LONDON -- Gold fell to a six-month low in thin year-end trade on Tuesday, on course for its biggest annual decline in 32 years as prospects for global economic recovery prompted investors to switch to riskier assets.
After a 12-year bull run gold has shed around 28 percent in 2013, with the U.S. Federal Reserve's plan to step away from ultra-loose monetary policy undermining the investor case for holding bullion.
Years of accommodative monetary policies had propelled the price of gold to all-time highs of $1,920.30 an ounce in September 2011, as low interest rates encouraged investors to put money into non-interest-bearing assets.
Spot gold fell one percent to its lowest since June 28 at $1,184.50 an ounce in earlier trade, before recovering 1.2 percent to $1,210.26 an ounce at 10:17 EST in choppy trade. U.S. gold futures for February delivery rose 0.5 percent to $1,208.80 an ounce, having earlier fallen to a low of $1,181.40.
"For the first three months of the year at least we are quite pessimistic on gold and a break below $1,180 could trigger further declines to the $1,000 mark," T-Commodity partner Ganclaudio Torlizzi said.
"Moreover, the dollar should strengthen towards the euro in January, as the economy improves, and that's another bearish element for gold," he added. "For the time being, investors will continue to put their money into equities."
World stocks were ending 2013 close to six-year peaks and benchmark bond yields were poised for their first annual rise since 2009 as investors celebrated a pick-up in global growth with expectations of more to come.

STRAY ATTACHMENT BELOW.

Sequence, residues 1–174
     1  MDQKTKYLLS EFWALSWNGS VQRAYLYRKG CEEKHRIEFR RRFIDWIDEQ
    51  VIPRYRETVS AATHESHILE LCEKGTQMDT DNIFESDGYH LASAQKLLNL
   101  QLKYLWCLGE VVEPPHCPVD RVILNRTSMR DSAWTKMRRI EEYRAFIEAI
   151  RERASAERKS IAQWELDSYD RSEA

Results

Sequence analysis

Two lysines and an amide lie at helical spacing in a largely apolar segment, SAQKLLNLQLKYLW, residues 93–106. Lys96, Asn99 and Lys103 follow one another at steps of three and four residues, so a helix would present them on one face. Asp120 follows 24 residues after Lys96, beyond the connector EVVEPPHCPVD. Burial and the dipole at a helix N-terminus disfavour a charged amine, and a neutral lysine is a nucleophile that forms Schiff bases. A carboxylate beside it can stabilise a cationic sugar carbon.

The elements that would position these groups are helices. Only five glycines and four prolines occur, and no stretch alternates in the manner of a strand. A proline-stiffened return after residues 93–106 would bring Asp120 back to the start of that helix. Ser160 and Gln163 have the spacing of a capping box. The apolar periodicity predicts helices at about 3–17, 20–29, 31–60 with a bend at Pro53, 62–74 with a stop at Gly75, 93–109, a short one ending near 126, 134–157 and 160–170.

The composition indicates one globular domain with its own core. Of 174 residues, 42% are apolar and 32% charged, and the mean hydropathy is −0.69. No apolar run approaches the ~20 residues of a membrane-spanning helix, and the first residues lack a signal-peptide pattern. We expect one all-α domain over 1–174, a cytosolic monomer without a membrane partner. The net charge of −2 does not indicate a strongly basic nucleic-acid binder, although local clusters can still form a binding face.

The dollar was on track to end 2013 modestly higher against a basket of main currencies.
"As soon as short-term interest rates start rising then you can't afford to invest in something that doesn't pay yield like gold -- it's going to be equities and ... money market funds will also seem more attractive," Standard Bank analyst Walter de Wet said.
Gold was also set to post hefty annual losses in other currencies, with prices in euros down 31 percent on the year, the first fall since 2004. Prices fell 30 percent in Swiss francs and 29 percent in British pounds.
A drop in exchange-traded fund holdings showed investors had lost faith in bullion as a hedge against inflation and an alternative investment after the Federal Reserve announced plans to trim its monthly bond purchases.
In Singapore, premiums for gold bars were unchanged at $1.50 an ounce to spot London prices, while in Hong Kong, offers stood at between $1.50 and a high of $2.00.
Silver rose 0.4 percent to $19.66 an ounce. Silver is down 37 percent this year in its worst annual performance since at least 1982, making it the worst-performing precious metal in 2013.
Spot platinum was up 0.7 percent at $1,365.24 an ounce and on course to post a 12 percent annual loss. Best-performing palladium rose 0.4 percent to $709.00 an ounce and is set to end the year up nearly 1 percent.